When President Obama arrives in New York City today for the U.N. General Assembly, the world will be watching to see how he handles slow-boiling crises in Iran and Syria. Will he shake hands with Iran’s new President, Hassan Rouhani? Can he advance diplomacy aimed at bringing Syria’s civil war to an end?
The answers are not clear. But the fact that Iran and Syria are atop Obama’s agenda points to an emerging core truth about his presidency. Obama’s foreign policy has been a shifting and hard-to-define beast. But it’s clear that one priority drives him above all others: weapons of mass destruction.
The search for an Obama foreign policy doctrine has generally been a futile one. Obama took office in 2009 as a conciliator, extending a hand to rivals and offering a new era of cooperation. Then came his hardheaded pursuit of terrorists, expressed by his Afghanistan surge and his ruthless use of drone strikes. For a moment, his intervention in Libya had Washington buzzing about a new dawn of liberal interventionism. But then Obama spent months assiduously avoiding any involvement in Syria’s civil war, even as tens of thousands died.
No one thread has tied it all together. But the current diplomatic moment in New York City suggests—much like George W. Bush before him—Obama sees the proliferation of WMDs as the great overarching threat to America, and the most compelling basis for the use of military force.
The idea is laid out in the Obama Administration’s last official national-security strategy: “There is no greater threat to the American people than weapons of mass destruction,” the document explained.
That philosophy explains why Obama, after months of refusing to intervene in Syria, was on the brink of a military strike after Bashar Assad mounted a large-scale chemical-weapons attack this summer. Obama insisted that the U.S. simply couldn’t turn a blind eye to the use of WMDs anywhere. “A failure to stand against the use of chemical weapons would weaken prohibitions against other weapons of mass destruction,” Obama explained in his Sept. 10 address to the nation.
Obama has been even more emphatic when it comes to nuclear weapons. “The single biggest threat to U.S. security, both short term, medium term and long term, would be the possibility of a terrorist organization obtaining a nuclear weapon,” he said in April 2010.
That helps to explain Obama’s intense concern about Iran’s nuclear program, and his threat to use military force to stop it. Obama has warned not only about the dangers of a nuclear weapon in the hands of Iran’s anti-American (and anti-Israel) regime, but also of the risk that an Iranian bomb will touch off a nuclear arms race in the Middle East that could lead to dangerous proliferation of atomic weapons. “A nuclear arms race in the region is something that would be profoundly destabilizing,” Obama told ABC earlier this month. The U.S. has many strong disagreements with Iran—from its support for Hizballah to its refusal to recognize Israel—but it is the nuclear issue that has led Obama to impose tight sanctions and to rattle the military saber.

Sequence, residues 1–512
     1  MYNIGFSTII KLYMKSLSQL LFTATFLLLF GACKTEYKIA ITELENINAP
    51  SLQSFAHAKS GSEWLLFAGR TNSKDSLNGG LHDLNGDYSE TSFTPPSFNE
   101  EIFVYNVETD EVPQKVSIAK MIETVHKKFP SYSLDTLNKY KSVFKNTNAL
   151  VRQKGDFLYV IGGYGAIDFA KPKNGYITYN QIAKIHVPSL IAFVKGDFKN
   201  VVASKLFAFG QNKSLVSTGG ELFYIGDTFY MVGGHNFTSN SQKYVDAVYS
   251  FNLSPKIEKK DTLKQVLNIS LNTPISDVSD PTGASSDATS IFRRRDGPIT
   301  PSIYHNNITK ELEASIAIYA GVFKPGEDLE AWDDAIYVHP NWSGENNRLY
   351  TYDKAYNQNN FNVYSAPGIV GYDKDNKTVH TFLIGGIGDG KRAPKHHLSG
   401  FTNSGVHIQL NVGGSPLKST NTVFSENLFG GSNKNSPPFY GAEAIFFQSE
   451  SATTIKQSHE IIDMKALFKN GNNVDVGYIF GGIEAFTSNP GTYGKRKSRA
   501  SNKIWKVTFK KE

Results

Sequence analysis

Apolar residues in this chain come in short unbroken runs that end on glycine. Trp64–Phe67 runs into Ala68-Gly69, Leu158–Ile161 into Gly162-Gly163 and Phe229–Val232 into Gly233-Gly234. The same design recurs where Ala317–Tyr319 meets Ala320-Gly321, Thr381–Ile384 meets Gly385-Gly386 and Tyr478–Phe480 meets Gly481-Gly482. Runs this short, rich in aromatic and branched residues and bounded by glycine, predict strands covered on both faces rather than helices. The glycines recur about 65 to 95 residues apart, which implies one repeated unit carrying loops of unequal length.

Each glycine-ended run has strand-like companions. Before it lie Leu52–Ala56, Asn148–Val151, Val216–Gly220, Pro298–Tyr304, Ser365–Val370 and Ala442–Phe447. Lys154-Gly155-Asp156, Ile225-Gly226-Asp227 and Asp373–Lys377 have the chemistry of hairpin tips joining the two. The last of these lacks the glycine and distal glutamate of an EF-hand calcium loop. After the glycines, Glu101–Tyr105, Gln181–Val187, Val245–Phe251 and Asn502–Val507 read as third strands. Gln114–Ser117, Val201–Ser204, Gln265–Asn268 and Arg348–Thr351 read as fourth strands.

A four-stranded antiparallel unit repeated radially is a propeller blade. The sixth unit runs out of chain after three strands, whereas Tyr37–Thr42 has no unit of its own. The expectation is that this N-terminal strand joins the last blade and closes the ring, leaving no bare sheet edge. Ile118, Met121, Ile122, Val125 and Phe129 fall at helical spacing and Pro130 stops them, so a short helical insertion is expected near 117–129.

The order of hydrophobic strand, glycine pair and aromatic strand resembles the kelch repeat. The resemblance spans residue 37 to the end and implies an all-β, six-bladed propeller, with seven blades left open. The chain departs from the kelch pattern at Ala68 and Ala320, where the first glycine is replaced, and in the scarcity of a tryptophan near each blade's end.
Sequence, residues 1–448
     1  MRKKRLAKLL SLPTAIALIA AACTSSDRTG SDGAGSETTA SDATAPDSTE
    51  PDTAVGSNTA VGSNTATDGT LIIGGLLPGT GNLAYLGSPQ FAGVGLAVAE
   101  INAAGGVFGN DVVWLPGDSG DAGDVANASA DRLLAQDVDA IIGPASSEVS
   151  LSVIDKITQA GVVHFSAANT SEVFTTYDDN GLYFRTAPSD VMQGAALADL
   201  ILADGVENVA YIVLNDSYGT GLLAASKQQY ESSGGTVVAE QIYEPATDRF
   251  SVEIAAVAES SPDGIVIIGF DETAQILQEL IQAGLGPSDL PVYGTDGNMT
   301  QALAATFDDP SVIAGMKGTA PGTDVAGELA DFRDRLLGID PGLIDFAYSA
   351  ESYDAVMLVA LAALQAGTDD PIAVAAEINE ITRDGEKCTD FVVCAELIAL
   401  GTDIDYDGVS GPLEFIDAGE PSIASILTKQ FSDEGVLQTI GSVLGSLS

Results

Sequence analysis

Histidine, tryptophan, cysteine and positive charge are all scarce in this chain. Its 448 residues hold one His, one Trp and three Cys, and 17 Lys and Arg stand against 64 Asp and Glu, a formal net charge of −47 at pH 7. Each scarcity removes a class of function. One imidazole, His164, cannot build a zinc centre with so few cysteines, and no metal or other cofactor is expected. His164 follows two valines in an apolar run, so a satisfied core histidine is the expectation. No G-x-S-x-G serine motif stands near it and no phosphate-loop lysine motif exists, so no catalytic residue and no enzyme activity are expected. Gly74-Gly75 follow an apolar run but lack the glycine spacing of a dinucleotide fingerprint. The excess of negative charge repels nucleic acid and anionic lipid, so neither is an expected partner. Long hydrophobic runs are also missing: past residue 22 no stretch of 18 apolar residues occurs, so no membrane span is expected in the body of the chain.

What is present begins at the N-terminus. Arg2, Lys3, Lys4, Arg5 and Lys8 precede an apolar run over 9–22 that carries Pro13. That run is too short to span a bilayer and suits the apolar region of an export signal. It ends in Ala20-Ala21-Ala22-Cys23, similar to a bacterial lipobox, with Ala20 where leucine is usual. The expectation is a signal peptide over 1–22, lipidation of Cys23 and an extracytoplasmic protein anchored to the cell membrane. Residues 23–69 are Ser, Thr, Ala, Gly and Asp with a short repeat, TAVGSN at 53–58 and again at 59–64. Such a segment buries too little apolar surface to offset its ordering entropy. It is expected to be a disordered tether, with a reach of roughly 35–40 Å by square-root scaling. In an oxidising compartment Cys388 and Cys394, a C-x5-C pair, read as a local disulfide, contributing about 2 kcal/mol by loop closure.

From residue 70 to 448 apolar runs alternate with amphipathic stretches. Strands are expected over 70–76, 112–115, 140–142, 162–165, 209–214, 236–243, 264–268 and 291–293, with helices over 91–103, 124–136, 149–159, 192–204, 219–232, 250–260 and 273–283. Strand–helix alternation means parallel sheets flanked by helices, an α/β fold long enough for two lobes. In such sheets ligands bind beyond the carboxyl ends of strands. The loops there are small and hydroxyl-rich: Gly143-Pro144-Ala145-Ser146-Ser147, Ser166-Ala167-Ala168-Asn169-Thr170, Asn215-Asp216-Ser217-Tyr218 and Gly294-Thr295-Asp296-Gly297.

Concerns about nuclear weapons have driven Obama’s policies elsewhere. Secret documents recently leaked by Edward Snowden revealed the obsession America’s intelligence agencies have with Pakistan. They spend billions of dollars per year trying to learn details about Pakistan’s WMD arsenal, thought to include dozens of nuclear warheads but also chemical and biological weapons. Given the proximity of al-Qaeda-affiliated terrorists to these weapons, the Washington Post reported on Sept. 2: “No other nation draws as much scrutiny” as Pakistan. Obama’s “reset” policy with Russia—which has faltered of late—was initially driven by a push to reduce American and Russian nuclear stockpiles, a key step toward the goal of a nuclear-free world that Obama announced in his first speech abroad as President, in Prague, and which remains an important priority to him.
Meanwhile Obama has shown less interest in troubled countries that don’t pose a WMD threat. He happily withdrew U.S. troops from Iraq and is drawing down from Afghanistan, two nations with no nuclear, chemical or biological weapons.
In 2002, during the run-up to the Iraq war, the threat of weapons of mass destruction was a core theme of Bush’s speech to the U.N. General Assembly: “Our greatest fear is that terrorists will find a shortcut to their mad ambitions when an outlaw regime supplies them with the technologies to kill on a massive scale,” Bush said that September. More than a decade later, a very different President finds himself driven by much the same thinking as he heads to the U.N. this week.